Ukrainian Deal with E.U. Annoyed Russia and Blocked Ukrainian Egg Sales to Europe
(p. B1) SADKI-STROYEVKA, Ukraine -- A cold wind whips through the streets. Vehicles that enter must drive through a foot-deep, moatlike bath of disinfectant, lest their tires track in disease. Computers raise and lower the levels of light to match circadian rhythms.
The scene is one of emptiness. One in four buildings is deserted. Fewer delivery trucks arrive than in years past.
As in much of Ukraine, hard times have befallen the Slovyany farm and its million or so inhabitants -- all of them chickens.
"We could be a player, and not a small one," said a forlorn Oleg Bakhmatyuk, the owner of Avangard, Ukraine's biggest egg producer. "We could be a major supplier."
The plight of his company, and the broader agricultural sector, has come to encapsulate a wider disenchantment in Ukraine with a trade agreement signed two years ago with the European Union. The deal, which went into force in January, included protections for farmers in the European bloc, and, as a result, one of Ukraine's most successful industries has been effectively shut out of the new opportunities.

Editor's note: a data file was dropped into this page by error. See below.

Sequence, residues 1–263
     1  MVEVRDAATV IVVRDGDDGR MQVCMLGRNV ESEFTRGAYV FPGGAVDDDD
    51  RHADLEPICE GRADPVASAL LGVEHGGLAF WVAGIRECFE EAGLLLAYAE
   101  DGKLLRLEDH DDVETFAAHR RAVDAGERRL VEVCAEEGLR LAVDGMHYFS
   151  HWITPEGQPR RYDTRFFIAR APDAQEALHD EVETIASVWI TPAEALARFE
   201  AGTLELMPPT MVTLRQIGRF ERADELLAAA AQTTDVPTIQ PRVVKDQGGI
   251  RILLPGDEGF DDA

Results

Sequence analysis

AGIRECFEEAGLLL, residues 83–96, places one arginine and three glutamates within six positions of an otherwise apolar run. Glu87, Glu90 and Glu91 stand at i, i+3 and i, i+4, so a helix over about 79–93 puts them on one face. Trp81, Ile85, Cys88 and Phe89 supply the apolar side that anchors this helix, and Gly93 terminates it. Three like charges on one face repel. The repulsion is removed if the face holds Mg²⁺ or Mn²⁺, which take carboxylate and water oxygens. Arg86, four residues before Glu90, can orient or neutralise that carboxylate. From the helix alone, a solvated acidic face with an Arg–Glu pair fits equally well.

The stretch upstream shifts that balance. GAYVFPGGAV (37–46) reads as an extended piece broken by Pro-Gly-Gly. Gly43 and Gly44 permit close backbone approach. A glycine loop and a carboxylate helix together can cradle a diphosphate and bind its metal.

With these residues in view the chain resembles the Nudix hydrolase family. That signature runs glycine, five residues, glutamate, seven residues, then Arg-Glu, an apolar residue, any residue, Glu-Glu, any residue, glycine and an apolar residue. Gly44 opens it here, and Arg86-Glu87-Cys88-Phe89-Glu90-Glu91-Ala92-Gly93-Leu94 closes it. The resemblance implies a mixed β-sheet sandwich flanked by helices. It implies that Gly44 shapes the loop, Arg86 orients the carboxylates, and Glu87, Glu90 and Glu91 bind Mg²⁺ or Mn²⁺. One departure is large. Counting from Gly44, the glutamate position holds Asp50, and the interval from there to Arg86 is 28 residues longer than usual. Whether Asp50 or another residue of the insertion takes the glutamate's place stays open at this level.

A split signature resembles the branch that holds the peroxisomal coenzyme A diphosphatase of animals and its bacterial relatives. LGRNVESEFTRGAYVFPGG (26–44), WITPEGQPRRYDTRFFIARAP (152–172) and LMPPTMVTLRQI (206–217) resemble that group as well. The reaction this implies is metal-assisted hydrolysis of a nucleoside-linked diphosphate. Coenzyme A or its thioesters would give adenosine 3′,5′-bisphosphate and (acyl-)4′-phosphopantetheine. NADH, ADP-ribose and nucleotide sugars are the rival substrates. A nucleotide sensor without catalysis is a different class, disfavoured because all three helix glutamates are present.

. . .
(p. B5) The deal itself was not particularly favorable to the agriculture sector, but there were other consequences as well. When the agreement was signed in March 2014, it almost immediately triggered conflict with Russia, Ukraine's powerful neighbor. Moscow annexed Crimea, and Russian-backed separatists took control of parts of eastern Ukraine.
Avangard lost seven farms and 7.5 million chickens. It now keeps just 10.7 million hens, barely a third of its prewar capacity.
In effect, the deal provided a double blow to the agriculture sector: It went far enough to enrage Russia, but stopped short of immediately opening a lucrative new market.
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(Note: the online version of the story has the date DEC. 23, 2016, and has the title "Ukrainian Farmers, Poised for Growth, Stumble After E.U. Deal.")